Is popular culture an influence on violent Behaviour?

 

11 But what happens when the visual stimulus is taken away? Is violent behaviour inherent to popular cultures such as film and television, or is there sufficient information to prove music has an influence on violent behaviour? Violence in Music Music has not always been related to violent behaviour. Even throughout the 60’s and 70’s when bands such as Iron Maiden, Kiss, Black Sabbath and Judas Priest were on the rock ‘n’ roll scene promoting subversive values and sadism, violence was never a real issue.

Although many of these iconic rock figures did condone drug taking and some non-Christian beliefs, they were not deemed as influential enough to young people to incite violence in their nature. It was the introduction of ‘Gangster’ rap in the late 80’s and early 90’s to the music industry, reaching music lovers worldwide has caused many groups to start to take note of the violent imagery and verbal articulation in artists’ lyrics. Ice-T’s song ‘Cop-Killer’ sparked major protest after the Rodney King trial, in which he raps about killing police-officers:

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‘I got my twelve gauge sawed off. I got my headlights turned off. I’m ’bout to bust some shots off. I’m ’bout to dust some cops off. Cop killer, better you than me. Cop killer, f**k police brutality! Cop killer, I know your family’s grievin’ (f**k ’em) Cop killer, but tonight we get even. ‘ 12 The escalating media battles and criminal activities carried out by big name rappers in America has transcended into the everyday lives of young children and teenagers internationally through music icons such as Tupac Shakur and Biggie Smalls.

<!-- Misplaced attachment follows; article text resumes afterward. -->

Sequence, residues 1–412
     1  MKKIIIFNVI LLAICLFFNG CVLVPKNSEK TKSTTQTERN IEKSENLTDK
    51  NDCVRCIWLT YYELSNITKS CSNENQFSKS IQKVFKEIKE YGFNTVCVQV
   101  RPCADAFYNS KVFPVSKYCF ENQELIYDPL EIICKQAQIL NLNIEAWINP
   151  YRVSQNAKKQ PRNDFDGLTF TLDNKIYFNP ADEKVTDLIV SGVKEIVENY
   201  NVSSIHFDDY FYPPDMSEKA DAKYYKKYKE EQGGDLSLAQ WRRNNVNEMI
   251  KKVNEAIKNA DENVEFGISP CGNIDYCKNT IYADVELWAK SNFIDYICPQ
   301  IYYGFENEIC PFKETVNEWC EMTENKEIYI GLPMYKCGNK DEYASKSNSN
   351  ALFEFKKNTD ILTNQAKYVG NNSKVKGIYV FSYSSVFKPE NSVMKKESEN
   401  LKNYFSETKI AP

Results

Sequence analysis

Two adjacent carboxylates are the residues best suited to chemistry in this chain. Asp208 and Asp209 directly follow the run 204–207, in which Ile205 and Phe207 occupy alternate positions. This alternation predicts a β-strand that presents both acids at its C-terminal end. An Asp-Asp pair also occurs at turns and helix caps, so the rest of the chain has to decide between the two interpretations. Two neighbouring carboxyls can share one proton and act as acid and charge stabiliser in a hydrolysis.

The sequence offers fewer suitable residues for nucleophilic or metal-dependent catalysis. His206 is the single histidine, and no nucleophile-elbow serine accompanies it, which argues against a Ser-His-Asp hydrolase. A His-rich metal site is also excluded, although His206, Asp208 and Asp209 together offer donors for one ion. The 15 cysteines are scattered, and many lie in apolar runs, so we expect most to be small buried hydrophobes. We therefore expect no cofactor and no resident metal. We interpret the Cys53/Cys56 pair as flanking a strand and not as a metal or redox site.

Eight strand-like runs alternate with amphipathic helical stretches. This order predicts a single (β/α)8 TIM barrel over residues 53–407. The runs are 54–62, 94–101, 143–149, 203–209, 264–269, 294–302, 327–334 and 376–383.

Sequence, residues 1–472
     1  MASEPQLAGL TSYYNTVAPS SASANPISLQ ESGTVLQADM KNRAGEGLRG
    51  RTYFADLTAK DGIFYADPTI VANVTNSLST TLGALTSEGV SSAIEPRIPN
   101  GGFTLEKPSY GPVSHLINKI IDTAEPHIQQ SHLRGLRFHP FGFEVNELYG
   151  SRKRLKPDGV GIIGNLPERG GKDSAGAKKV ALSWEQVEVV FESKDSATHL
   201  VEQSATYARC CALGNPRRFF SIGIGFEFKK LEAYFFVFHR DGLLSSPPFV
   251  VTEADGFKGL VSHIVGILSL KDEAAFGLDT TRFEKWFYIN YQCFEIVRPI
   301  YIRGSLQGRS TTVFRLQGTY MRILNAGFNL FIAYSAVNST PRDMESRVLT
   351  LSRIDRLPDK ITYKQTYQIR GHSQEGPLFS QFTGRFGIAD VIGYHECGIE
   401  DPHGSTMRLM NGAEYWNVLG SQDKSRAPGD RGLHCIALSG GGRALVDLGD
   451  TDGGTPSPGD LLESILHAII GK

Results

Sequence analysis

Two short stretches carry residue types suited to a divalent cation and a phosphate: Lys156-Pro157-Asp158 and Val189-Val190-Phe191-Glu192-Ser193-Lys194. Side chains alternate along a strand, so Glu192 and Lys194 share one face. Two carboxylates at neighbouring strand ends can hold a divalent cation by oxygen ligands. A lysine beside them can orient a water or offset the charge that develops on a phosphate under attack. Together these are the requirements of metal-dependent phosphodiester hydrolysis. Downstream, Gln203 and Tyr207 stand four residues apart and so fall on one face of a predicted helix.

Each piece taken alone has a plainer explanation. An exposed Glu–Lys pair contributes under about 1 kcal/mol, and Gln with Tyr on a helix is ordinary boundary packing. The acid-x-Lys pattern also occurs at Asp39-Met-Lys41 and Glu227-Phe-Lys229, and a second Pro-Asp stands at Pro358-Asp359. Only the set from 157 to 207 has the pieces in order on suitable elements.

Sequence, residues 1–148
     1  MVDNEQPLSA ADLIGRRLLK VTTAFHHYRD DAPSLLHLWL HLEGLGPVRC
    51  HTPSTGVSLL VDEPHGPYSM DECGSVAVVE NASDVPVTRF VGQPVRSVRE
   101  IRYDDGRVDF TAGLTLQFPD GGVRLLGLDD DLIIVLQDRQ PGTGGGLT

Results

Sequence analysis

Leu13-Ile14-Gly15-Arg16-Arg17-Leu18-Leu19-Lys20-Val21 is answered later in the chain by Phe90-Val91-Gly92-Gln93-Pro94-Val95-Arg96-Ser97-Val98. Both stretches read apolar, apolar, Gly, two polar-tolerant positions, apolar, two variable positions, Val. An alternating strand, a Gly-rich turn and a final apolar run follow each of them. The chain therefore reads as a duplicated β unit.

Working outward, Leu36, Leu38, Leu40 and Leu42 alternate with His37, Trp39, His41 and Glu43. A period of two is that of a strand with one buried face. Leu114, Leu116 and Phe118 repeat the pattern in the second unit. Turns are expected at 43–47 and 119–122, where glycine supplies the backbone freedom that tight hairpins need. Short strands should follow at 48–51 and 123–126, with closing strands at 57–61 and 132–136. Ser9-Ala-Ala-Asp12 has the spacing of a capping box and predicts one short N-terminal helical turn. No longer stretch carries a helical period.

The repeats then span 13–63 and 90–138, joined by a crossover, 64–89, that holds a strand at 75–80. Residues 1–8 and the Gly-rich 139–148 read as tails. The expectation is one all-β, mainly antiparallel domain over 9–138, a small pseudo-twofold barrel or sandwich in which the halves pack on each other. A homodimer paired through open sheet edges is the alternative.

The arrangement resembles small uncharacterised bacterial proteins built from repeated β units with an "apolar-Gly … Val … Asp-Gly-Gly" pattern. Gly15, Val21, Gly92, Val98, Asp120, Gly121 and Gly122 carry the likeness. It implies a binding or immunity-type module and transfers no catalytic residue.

The uncontrollable hatred between these two sides of the rap industry has sparked major gang wars between East and West Coast gangs such as the ‘Bloods’ and the ‘Crips’. The persuasive lyrics and violent imagery; killing policeman, raping women and murdering girlfriends, get into the minds of the listeners causing abhorrence between people from different gangs and races in America. The power of the spoken word is shown by the fact that their fans practice what these ‘icons’ preach.

Not only is it the lyrics of these rappers that have a major influence on their fans the everyday behaviour that these icons display has a substantial effect on the consumer: “When a ‘gangsta’ rapper is able to commit a crime and get away with it – it does make the crime more legitimate in the eyes of the ‘gangster’ rap consumer”13 It is clear, that individuals who are subject to the violence inherent in areas of the music industry, such as rap, can be influenced by both the violent lyrics and lifestyles of these musicians.

This demonstrates the link between popular culture and violent behaviour. Studies in Music and Violent Behaviour – Psychological Analysis Studies have been carried out into music and violent behaviour on a theoretical basis, using information gathered on the psychology of individuals, however there has never been a completely independent study into the effects of music on individuals. In a study by Bibi Baxter on Teenagers, Music and Violence, she relates intense interest in violence to pornography.

Her claim is that each consequent image in the music has to be more revealing and degrading than the last in order to maintain the interest of the listener. The article contains a table showing the three stages relating to input and memory and the changed effects they would have on the regular process (see appendix d). STAGE 1 MEMORABLE INPUT OF VIOLENCE REINFORCED STRONGLY BY CONSTANT REPETITION OF MUSIC ; VIOLENT IMAGES TEAMED WITH A RANGE OF STRONG NEGATIVE EMOTIONS Violent computer/video game – often played for hours, day after day OR Violent scenes in a film OR in music – often seen or heard more than once.